Frenzy: The ferocity of your attack staggers your opponent; non-undead targets need to make a Spi save or falter momentarily, allowing you to make an extra attack (Fatigue)

Greystone: Cast a magical stone as if from a sling for d6 damage

Hack: Attack your opponent in a frenzy for double damage (Fatigue)

  • Dire strike: Your opponent needs to make a Str save or stagger from the ferocity of the attack, moving back 5 ft. and losing their next turn

Lacerate: Slice a deep wound in your enemy for an initial d6 damage; roll d4 to determine bleed damage and duration (Fatigue)

Parry (reaction): Deflect an incoming attack and riposte (Str)

  • Success: Avoid all physical damage and retaliate for double damage
  • Failure: Retaliatory attack from the target at double damage

Rend: Inflict a vital wound for d6 damage; target needs to make a Dex save or be reduced to half speed for the duration of the fight (Fatigue)

Shout (reaction): Your voice propels a shockwave that staggers your foe; you deflect the attack and take no physical damage (Spi, Fatigue)

Shove (reaction): Take your weapon in both hands and push back against an enemy, halting their strike (Str, Fatigue)

Smash: Bludgeon your opponent with damage advantage; target needs to make Str save or be knocked down (Fatigue)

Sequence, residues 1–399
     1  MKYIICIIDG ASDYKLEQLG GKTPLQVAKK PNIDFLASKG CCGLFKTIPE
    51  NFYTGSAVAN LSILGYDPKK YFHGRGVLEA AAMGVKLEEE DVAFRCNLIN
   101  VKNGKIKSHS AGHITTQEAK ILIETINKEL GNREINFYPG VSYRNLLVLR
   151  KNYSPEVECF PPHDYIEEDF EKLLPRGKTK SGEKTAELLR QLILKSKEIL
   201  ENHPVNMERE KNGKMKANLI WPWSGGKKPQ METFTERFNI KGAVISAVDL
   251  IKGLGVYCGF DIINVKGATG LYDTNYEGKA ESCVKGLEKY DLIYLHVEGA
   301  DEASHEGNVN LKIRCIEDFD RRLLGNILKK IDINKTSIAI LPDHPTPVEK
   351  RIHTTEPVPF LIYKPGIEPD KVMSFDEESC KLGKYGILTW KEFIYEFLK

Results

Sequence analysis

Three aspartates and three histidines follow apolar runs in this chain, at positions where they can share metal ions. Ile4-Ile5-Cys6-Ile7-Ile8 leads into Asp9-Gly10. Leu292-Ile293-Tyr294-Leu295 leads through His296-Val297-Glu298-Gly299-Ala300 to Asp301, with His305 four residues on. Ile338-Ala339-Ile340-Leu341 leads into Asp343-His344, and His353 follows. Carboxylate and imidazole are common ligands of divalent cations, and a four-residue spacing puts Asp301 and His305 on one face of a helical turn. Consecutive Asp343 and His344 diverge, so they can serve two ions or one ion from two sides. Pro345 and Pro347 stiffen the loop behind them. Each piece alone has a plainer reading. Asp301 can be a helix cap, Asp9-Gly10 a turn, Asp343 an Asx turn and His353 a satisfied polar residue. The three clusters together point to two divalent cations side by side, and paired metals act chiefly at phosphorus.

Sunder: Tear through your opponent’s armour for d4 damage; causes target to lose 1 Def (Fatigue)

Thrust: Lunge forward to extend the range of your weapon and strike targets up to 10 feet away (Fatigue)

Volley: Fire two arrows without hesitation – roll damage twice (Fatigue)

  • Dire strike: Fire another arrow and roll an extra damage die

Items #

Apple, dried: A slice of one of Iðunn’s apples, dried in the sun. Eating one clears 1 point of Fatigue

Bleached jawbone: Cleaned human jawbone; low chance to commune with the spirits of your ancestors (1 on a d20) or summon a vengeful spirit (20 on a d20)

Fire oil: Faded glass bottle filled with viscous orange liquid; breaks when thrown and erupts into flame for d8 blast damage

Memento of defeat: Broken and rusted sword; by holding and focusing on past failures lose all your held souls and awaken at the last bonfire rested at

Runic focus: Hand-carved from ash wood, decorated with runes; can be any number of shapes associated with the gods and bestows different powers accordingly

Sacred waters: Water from the well of fate; drink to regain 8 Res or throw to cause d10 blast damage to undead